In my view, the three main contenders for the nomination are, in order, 1) Tim Pawlenty, 2) A party establishment-friendly Republican not currently running, such as Mitch Daniels or Paul Ryan, and 3) Bachmann. Everybody else, including Sick Man Of The GOP Field Mitt Romney, falls into the longshot bin.
Republican Primary Voters May, in Any Way Whatsoever, Be Attracted to Jon Huntsman’s Call for Civility
Many, many, many Beltway pundits opined about how voters would tire of the nastiness, bickering, rage and general insanity of the last few years and rush to support Jon Huntsman, whose campaign emphasized civility. This was a classic example of pundits confusing what they wanted to happen with what voters would actually do. “Mr. Huntsman’s call, in his announcement speech, for more civility, was both appropriate and shrewd,” elite Wall Street Journal anti-oracle Peggy Noonan wrote at the time. Appropriate? Sure. Shrewd? Unless there’s some forgotten archaic definition of “shrewd” that means “somewhere between useless and condescending.”
And here, for another example, was Republican media strategist Mark McKinnon, who became deeply worried about our uncivil discourse shortly after picking up the fat check he earned running George W. Bush’s vicious, nauseating ad campaign in 2004:
Mark McKinnon, a former strategist for George W. Bush and co-founder of the group “No Labels,” which advocates bipartisan cooperation, thinks the [Huntsman] approach could work. He said that voters are “aching” for civility.
“They want candidates who are strong leaders and have strong opinions, but they want disagreements to be respectful, not personal,” Mr.McKinnon said.
How could McKinnon say that with a straight face? The same way, we suppose, that he wrote columns titled “Sanford for President” and “Sanford Should Resign” on back-to-back days in 2009.
There Is Nothing You Can Do to Stop Rick Perry
You remember the hyperbole. Rick Perry. Governor for 11 Years. Of a large state. Winner of 10 straight elections. Loves Jesus like no other. A virtuoso in the field of retail politics. Kills coyotes with his many guns. A true Southerner. Fucking hates abortion. Will destroy anyone in his way. Indeed, another great Résumé Candidate. And within 10 minutes of Perry’s late entry into the race, the pundit consensus was essentially that all primaries and caucuses should be canceled, Mitt Romney should jump off a cliff, and Rick Perry should be handed the nomination before he leaves the grounds of the Iowa State Fair.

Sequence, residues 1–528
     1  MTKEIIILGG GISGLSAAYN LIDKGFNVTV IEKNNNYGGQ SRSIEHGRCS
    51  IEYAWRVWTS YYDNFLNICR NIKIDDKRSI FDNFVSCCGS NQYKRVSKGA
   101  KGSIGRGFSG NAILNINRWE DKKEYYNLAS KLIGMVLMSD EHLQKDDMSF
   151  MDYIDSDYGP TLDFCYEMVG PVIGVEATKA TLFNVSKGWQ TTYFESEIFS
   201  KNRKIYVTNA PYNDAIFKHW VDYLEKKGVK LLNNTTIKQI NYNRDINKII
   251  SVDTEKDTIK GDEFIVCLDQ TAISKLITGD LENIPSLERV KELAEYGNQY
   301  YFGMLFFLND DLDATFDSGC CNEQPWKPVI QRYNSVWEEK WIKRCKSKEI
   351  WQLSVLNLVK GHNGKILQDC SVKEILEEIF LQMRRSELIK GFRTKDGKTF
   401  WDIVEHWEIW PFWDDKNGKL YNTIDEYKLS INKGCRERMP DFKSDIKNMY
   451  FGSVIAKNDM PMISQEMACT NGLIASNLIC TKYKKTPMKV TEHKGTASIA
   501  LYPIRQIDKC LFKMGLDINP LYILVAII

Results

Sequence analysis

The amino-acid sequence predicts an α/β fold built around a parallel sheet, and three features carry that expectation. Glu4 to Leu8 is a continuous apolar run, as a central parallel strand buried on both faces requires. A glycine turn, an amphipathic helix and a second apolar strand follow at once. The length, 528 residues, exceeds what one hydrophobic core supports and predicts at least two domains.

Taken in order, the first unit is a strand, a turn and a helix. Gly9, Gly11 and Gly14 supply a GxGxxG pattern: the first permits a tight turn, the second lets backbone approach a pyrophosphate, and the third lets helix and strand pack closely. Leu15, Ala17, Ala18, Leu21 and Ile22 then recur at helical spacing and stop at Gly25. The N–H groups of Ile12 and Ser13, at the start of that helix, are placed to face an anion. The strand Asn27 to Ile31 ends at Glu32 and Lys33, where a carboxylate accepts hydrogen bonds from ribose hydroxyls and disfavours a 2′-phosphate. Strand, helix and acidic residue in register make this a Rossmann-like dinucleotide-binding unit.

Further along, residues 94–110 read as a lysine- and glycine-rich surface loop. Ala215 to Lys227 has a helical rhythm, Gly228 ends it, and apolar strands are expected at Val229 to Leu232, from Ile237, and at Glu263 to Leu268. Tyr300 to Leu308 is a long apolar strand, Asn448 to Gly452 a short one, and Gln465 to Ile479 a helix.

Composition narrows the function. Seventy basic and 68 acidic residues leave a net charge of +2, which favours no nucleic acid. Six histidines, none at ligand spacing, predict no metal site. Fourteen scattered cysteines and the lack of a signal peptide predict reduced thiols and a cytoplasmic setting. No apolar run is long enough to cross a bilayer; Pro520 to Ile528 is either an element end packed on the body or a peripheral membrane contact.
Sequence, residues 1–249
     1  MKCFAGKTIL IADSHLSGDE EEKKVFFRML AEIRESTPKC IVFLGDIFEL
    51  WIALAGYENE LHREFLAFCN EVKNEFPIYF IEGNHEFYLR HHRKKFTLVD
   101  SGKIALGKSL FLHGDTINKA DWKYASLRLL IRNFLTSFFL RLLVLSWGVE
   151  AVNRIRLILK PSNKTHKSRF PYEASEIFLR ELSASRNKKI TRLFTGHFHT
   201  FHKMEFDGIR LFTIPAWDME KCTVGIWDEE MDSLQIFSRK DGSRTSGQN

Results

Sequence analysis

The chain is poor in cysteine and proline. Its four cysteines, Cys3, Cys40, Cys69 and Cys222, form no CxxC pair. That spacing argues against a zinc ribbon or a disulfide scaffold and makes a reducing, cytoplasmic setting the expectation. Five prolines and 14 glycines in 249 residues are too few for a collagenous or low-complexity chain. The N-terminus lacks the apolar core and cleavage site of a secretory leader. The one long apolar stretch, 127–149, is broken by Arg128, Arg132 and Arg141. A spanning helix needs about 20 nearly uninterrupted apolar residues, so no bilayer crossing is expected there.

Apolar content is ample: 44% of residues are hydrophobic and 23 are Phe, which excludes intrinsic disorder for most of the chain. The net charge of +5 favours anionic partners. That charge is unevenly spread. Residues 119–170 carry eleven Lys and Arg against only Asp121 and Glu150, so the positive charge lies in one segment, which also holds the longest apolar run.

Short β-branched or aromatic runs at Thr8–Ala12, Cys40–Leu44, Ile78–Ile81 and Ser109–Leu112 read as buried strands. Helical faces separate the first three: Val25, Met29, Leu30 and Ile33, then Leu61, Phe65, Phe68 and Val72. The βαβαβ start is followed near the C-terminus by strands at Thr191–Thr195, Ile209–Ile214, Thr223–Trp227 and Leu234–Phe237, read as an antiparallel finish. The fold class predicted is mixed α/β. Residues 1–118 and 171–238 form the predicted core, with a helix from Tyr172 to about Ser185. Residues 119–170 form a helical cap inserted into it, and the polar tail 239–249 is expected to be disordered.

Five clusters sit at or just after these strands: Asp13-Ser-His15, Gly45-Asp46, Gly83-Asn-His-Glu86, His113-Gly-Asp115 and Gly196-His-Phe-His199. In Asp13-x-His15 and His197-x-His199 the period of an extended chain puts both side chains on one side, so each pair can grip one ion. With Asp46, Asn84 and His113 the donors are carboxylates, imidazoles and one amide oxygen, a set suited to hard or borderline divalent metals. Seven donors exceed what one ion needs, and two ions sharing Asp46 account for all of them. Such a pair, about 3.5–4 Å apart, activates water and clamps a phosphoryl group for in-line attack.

Richard Adams of the Guardian: “Rick Perry will enter the Republican presidential contest and he will win the party’s nomination … Perry will win the Republican nomination, barring a ‘live boy or dead girl’ scenario.” Former presidential candidate and publisher Steve Forbes: “I think at the end of the day Perry will win the nomination, and I think he’ll win the election.” John Judis of the New Republic: “And unless he says some really untoward things, or unless revelations appear that discredit him, I think the nomination is his to lose.” Judis’ hedging there — that’s the mark of a pro.
Unless Rick Perry is bad at winning nominations, he will win the nomination, unless, again, he is bad at winning such things, as it were. It almost makes you admire Jonathan Chait’s complete recklessness as an alternative.
Rick Perry turned out to be very bad at winning nominations, mostly because of his inability to speak the English language or understand any function of the federal government. These flaws were on full, painful display in the many debates, but Judis made his prediction after watching only one debate: “The main thing in debates is not so much what you say, but how you say it. It’s a matter of attitude. Perry appeared tough, confident, able to deflect criticism, and to fire back when fired upon.” To Judis’ credit, this was one of the few early Perry pieces that didn’t explicitly use the word “gunslinger,” settling for mere gun imagery at the first opportunity instead. Such restraint deserves an award.
The One Person Who Knew That Newt Gingrich Would Be the Nominee
“I’m going to be the nominee. It’s very hard not to look at the recent polls and think that the odds are very high I’m going to be the nominee.” — Newt Gingrich on Newt Gingrich’s chances to win the nomination, Dec. 1, 2011, a week or two before his national poll numbers nosedived 30 percentage points overnight. Gingrich is rumored to still be running, but no cameras can confirm.
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And after all the predictions, all the armchair scenario-devising, a full 100 million debates, and something called “Herman Cain,” here’s how primary season went: Mitt Romney won the nomination with some hiccups along the way, but nothing that the occasional $10 million negative ad dump against either Rick Santorum or Newt Gingrich couldn’t fix. It was the simplest, most predictable version of what would happen.